Many New Yorkers thrive in winter and are eager for falling temperatures and consistent snowfalls. To these hardy adventurers, a few extra layers of gear combined with the snowy terrain of parklands is a winning recipe for fitness, togetherness and outdoor fun.
Welcome the new decade, enjoy the winter landscapes, and unwind after a hectic holiday season by joining a First Day Hike on January 1, 2020.
There are more than 75 such hikes planned at state parks, historic sites, wildlife areas, trails and public lands across the state as part of the 9th annual First Day Hikes program. This map can help find one near you…
Hikes are being offered at more than 50 state parks and historic sites (with some facilities offering multiple hikes for different age groups, skill levels and destinations within the park) and 21 state lands, wildlife areas, Forest Preserve trails and environmental education centers run by the state Department of Environmental Conservation.
Staff from State Parks and DEC, along with volunteers and partners at many sites, will lead these family-friendly walks and hikes, which range from one to five miles depending on the location and conditions. Remember to dress appropriately and keep this old Scandinavian saying in mind: “There is no such thing as bad weather, only bad clothing.”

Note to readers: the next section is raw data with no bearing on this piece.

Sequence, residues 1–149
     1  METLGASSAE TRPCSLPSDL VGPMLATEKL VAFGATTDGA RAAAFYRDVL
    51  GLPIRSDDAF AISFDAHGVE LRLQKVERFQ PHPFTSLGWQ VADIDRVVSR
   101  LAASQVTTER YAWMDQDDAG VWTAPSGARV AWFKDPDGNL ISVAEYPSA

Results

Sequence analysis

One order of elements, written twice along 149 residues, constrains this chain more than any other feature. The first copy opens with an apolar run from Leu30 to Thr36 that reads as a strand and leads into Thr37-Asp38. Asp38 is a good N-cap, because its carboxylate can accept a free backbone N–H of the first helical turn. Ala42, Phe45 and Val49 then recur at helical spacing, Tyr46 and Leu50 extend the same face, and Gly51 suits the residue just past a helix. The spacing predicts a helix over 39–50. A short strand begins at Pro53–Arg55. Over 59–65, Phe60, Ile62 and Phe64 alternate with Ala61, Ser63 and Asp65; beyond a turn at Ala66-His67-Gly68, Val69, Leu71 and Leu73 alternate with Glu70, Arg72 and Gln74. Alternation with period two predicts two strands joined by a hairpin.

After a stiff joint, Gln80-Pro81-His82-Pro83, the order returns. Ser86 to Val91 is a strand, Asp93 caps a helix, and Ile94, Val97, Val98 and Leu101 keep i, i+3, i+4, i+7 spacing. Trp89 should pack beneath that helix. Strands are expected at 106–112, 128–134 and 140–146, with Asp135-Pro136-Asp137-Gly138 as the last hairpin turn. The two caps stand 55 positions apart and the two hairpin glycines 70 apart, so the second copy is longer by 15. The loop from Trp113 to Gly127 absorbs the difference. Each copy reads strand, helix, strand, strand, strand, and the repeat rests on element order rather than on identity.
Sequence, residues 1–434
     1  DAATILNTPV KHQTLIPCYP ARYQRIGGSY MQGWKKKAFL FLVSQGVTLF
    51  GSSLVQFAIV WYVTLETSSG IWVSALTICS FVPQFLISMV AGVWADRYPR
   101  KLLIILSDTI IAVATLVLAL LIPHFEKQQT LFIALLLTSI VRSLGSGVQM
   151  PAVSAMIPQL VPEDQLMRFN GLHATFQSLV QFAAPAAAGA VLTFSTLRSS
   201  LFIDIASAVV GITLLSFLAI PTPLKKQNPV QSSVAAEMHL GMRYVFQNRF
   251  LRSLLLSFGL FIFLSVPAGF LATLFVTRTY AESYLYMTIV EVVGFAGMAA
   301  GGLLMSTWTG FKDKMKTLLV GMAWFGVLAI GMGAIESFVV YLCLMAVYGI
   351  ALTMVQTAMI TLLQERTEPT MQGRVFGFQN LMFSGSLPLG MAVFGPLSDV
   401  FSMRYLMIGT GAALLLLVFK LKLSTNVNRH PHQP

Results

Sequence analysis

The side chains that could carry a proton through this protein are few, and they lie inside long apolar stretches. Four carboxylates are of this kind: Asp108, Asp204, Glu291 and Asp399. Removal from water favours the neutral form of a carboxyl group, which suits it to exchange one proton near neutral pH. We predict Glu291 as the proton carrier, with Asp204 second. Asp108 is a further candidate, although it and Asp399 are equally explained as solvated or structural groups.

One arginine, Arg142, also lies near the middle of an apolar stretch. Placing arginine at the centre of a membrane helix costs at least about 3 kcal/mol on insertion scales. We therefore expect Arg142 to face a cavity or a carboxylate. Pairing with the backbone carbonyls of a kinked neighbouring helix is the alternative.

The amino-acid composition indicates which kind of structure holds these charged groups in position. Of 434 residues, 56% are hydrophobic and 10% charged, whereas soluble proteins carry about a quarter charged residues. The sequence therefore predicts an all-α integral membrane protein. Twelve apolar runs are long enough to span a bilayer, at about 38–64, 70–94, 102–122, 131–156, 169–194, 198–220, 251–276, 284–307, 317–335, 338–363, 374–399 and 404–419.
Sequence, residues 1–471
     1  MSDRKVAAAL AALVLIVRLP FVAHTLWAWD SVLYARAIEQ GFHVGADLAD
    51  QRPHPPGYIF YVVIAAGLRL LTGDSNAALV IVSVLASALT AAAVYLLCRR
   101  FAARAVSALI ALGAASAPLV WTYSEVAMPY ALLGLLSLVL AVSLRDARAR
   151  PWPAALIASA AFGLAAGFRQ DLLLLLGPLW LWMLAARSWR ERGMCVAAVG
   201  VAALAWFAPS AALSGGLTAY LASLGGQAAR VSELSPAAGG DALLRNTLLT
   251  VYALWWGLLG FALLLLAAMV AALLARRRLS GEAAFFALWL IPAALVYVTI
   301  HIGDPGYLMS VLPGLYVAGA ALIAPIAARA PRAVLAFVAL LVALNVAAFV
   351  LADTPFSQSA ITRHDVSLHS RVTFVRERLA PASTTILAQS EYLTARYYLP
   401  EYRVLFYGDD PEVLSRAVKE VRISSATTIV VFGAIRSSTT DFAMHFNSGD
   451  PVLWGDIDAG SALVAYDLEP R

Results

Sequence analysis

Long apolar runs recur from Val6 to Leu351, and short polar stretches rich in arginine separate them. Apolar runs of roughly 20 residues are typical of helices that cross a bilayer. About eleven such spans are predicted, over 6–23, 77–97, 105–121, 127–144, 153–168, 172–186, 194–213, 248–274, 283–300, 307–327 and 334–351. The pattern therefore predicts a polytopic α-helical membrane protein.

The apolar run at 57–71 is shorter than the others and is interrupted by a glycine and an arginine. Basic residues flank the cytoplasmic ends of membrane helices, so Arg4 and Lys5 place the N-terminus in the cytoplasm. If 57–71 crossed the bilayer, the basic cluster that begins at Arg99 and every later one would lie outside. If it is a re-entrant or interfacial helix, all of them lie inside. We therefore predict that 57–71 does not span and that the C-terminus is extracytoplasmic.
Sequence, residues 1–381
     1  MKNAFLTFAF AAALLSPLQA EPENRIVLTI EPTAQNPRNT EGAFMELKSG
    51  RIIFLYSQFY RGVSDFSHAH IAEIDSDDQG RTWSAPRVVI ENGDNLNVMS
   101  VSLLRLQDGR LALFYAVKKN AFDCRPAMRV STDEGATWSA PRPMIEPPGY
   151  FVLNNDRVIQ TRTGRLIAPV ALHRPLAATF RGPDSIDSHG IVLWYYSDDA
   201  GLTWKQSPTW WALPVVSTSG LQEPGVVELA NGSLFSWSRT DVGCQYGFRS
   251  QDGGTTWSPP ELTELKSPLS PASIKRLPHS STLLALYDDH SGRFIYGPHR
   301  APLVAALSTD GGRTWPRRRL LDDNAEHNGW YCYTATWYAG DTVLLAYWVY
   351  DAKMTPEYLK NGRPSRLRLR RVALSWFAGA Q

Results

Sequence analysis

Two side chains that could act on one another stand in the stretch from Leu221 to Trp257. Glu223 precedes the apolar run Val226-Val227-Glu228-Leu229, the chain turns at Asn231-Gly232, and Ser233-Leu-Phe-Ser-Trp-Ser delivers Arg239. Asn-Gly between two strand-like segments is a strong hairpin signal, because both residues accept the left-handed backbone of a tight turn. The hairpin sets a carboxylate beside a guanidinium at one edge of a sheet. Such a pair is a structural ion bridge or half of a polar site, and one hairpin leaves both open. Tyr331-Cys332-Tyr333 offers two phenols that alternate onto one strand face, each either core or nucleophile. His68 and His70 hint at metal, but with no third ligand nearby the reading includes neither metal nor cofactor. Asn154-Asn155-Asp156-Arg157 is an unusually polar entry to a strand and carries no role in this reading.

A sample of this year’s programs feature a seal walk, walking history tour, snowshoe waterfall hike, pet-friendly treks, gorge walks, fire towers, and more. If weather conditions permit, some First Day Hikes may include snowshoeing or cross-country skiing. Many host sites will be offering refreshments and giveaways.
Participants are encouraged to contact the park for information and pre-registration where noted.
And know that you are part of something that is happening all across America. First Day Hikes, which started in Massachusetts in 1992, are now a national event taking place in all 50 states.
Last year nearly 55,000 people rang in the New Year, collectively hiking over 133,000 miles throughout the country on the guided hikes. Numerous others hiked state park trails throughout the day.
If you’ve never been on a First Day Hike, 2020 is the year!
Cover photo: First Day hikers at a DEC fire tower. These hikers are wearing traction gear on their boots, which is important in steep or icy conditions.
Post by NYS Parks Staff